The end of campaigning, 1930s–1961
in Ellen N. La Motte
Abstract only
Log-in for full text

You are not authenticated to view the full text of this chapter or article.

manchesterhive requires a subscription or purchase to access the full text of books or journals - to see content that you/your institution should have access to, please log in through your library system or with your personal username and password.

If you are authenticated and think you should have access to this title, please contact your librarian.

Non-subscribers can freely search the site, view abstracts/extracts and download selected front and end matter.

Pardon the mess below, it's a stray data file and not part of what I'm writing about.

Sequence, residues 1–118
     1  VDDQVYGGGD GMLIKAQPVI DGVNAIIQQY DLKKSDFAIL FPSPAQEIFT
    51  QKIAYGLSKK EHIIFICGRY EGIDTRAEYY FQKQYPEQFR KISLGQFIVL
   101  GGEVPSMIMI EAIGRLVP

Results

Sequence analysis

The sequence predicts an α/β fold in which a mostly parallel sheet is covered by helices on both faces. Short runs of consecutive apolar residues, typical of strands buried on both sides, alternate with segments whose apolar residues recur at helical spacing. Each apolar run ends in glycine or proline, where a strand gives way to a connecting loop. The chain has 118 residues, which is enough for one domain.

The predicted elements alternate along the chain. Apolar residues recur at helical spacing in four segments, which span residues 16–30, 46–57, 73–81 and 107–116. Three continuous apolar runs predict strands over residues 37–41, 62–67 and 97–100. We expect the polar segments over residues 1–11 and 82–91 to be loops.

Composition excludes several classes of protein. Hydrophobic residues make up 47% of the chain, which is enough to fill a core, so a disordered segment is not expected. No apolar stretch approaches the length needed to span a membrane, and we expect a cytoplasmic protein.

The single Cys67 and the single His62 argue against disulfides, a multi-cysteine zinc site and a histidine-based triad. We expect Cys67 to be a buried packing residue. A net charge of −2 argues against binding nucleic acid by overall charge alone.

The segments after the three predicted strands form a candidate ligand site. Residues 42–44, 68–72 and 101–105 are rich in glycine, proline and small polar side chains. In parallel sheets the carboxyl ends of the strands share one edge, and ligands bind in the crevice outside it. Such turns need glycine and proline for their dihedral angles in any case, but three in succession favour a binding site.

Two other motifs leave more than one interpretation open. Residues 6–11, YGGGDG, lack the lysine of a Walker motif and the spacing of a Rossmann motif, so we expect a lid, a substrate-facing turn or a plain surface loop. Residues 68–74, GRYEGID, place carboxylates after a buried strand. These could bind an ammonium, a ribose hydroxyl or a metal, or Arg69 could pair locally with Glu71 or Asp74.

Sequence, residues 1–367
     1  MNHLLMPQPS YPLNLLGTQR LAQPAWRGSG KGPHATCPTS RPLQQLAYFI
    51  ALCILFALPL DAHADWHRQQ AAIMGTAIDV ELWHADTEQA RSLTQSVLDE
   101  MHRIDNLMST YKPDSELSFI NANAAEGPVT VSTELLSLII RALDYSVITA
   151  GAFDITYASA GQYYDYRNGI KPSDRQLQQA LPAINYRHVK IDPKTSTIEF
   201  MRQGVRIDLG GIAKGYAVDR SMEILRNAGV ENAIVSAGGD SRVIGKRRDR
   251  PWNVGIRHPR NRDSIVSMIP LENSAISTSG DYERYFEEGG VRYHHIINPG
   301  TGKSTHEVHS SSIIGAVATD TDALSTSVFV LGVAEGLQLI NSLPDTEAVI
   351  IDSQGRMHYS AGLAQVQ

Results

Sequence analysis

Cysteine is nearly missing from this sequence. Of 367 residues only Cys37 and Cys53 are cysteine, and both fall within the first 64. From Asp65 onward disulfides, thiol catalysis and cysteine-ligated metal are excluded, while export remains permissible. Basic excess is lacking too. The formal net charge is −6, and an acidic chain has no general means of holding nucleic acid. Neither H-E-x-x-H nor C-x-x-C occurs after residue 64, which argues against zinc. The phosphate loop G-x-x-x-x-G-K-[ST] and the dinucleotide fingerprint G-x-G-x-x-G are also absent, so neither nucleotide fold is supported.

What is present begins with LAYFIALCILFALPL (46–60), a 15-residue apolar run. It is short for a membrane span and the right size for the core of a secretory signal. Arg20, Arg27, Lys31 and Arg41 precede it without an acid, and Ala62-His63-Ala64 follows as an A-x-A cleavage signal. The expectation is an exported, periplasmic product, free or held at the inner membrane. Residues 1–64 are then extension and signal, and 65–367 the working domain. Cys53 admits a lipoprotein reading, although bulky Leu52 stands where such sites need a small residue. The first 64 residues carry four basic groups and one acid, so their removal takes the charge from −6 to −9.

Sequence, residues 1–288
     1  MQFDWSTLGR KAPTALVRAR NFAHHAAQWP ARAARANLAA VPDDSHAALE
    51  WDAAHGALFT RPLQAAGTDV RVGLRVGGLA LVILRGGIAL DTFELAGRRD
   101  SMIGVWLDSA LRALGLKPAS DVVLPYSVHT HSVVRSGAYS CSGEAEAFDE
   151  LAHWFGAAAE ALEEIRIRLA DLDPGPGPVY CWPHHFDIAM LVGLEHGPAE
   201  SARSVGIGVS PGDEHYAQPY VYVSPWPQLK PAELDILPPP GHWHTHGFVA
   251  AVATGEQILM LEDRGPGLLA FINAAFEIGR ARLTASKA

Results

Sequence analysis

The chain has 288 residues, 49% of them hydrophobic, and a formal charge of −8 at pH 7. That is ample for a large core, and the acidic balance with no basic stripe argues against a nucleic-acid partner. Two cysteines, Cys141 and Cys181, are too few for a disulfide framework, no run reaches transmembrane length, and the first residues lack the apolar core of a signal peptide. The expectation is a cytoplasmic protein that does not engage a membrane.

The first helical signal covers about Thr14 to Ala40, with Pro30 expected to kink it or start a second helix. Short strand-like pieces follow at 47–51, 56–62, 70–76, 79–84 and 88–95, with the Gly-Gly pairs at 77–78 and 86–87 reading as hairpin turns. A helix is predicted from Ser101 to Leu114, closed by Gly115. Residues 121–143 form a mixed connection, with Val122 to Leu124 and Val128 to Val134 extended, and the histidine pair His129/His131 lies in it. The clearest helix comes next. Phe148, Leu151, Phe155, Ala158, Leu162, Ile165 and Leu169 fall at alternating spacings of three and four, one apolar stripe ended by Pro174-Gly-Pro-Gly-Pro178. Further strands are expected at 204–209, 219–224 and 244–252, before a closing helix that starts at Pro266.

Institutions can purchase access to individual titles; please contact for pricing options.


If you have an access token for this content, you can redeem this via the link below:

Redeem token

The conclusion discusses La Motte’s life from the 1930s until her death in the 1961. The Great Depression forced her and Emily Chadbourne to return permanently to the United States, where they settled in Washington, DC and New York State. La Motte’s publications slowed in the early 1930s, then ceased as she turned her attention to investing in real estate in the Georgetown area of Washington, DC and pursuing intellectual interests, such as business affairs or working for a brief time with the National Woman’s Party, while enjoying her circle of friends. It also offers a final summative reflection on the significance of her long career.

Ellen N. La Motte

Nurse, writer, activist


All Time Past Year Past 30 Days
Abstract Views 28 28 1
Full Text Views 0 0 0
PDF Downloads 0 0 0